Artists & Galleries

Art Commentary: Reflections on the Guild Hall Members Show

The 76th Artists Members Exhibition at East Hampton’s Guild Hall is not only a tradition, but also important in other ways.

This non-juried show heralds the start of the local art season. Anyone can enter, and the Top Honors winner is given a solo show. The exhibition gives everyone an equal chance to “strut their stuff.” Hamptons artists, emerging or established, can be proud of their rightful place in our prolific art community.

However, it’s a challenge to write about the show each year, particularly because there are so many entries. Museum Director Christina Strassfield does an extraordinary job as the installation designer, but it’s still difficult to decide which pieces to single out. Thus, we’re trying a different approach: attempting to determine what works match the aesthetic tastes of the juror, Robert Storr, Dean of the School of Art at Yale University.

Best Abstract: Julie Small,
Best Abstract: Julie Small, “Untitled,” oil

Storr’s winning works often seem a little “off.” A provocative term, we admit, but one that’s authentic. This idea is evoked in Storr’s acknowledgement of formal qualities, especially shape and texture. Consider Julie Small-Gamby’s untitled configuration of brown and orange uneven circles, a Best Abstract winner. Aija Meisters’ oil on linen, “Pisces” is another case in point, featuring two fish, which are also a bit misshapen, although still realistic.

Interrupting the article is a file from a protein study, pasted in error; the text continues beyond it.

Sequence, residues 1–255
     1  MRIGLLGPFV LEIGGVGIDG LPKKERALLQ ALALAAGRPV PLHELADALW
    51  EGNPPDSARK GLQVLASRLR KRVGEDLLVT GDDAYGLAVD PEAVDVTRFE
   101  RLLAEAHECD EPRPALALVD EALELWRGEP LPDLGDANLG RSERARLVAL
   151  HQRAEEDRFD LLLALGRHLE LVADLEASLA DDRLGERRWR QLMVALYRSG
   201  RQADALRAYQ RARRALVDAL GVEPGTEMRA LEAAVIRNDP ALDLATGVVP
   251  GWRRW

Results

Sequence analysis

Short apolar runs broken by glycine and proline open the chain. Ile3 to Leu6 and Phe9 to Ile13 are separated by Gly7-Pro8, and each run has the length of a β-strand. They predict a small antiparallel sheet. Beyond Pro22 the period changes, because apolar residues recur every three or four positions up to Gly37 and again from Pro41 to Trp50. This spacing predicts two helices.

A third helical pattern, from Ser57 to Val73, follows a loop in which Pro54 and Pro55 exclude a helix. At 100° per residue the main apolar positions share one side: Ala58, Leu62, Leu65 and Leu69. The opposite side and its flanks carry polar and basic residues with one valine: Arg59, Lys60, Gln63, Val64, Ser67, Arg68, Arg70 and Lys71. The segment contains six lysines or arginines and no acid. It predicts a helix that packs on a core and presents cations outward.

Ann Chwatsky,
Ann Chwatsky, “My Solar,” photograph on canvas

Storr also has a penchant for Conceptualism as seen in Ann Chwatsky’s photograph on canvas, “My Solar #3,” an Honorable Mention winner. The text surrounding the two shapes floating in space may represent salient elements of both the universe and humankind: intellect (the text) and the physical body. Robert Tucker’s colored ink on paper “Fish on East Hampton Star,” awarded Best Work on Paper, is another conceptual work that similarly combines text and an image. This time, however, the juxtaposition means something different: the existence of primitive life (the fish) and its symbiotic relationship to civilization (the newspaper).

This idea of connections between elements is also seen in Tracy Jamar’s fiber piece, “Fossil,” a Best Mixed Media winner. The intricacy of this work’s pattern (also a little “uneven”) is another quality that Storr appreciates. Consider William Heppenheimer’s acrylic paint on wood panel “Tablet B,” the Top Honors Work. Here a grid arrangement enhances the colorful and ordered configurations.

Best Representational: Fran Hand,
Best Representational: Fran Hand, “Horse in Landscape,” oil

There seems to be no order in Fran Hand’s oil, Best Representational Work. It is a study in juxtaposition, where a horse is superimposed upon another shape. Yet, it’s difficult to define this shape. Perhaps Storr is giving an ironic meaning to the word, “Representational.”

There are other juxtapositional works that may very well fit Storr’s world vision although they did not receive an award. For example, there’s Monica Bank’s untitled porcelain piece of small heads, juxtaposed on top of each other and Eunice Golden’s untitled archival pigment print where shapes are effectively juxtaposed to form interesting designs. Finally, there’s Philippe Cheng’s untitled photograph which gives potency to the juxtaposition of abstract imagery floating in space.

The Artists Members Exhibition at East Hampton’s Guild Hall (158 Main Street) will be on view until June 7. Call 631-324-0806 for information. guildhall.org

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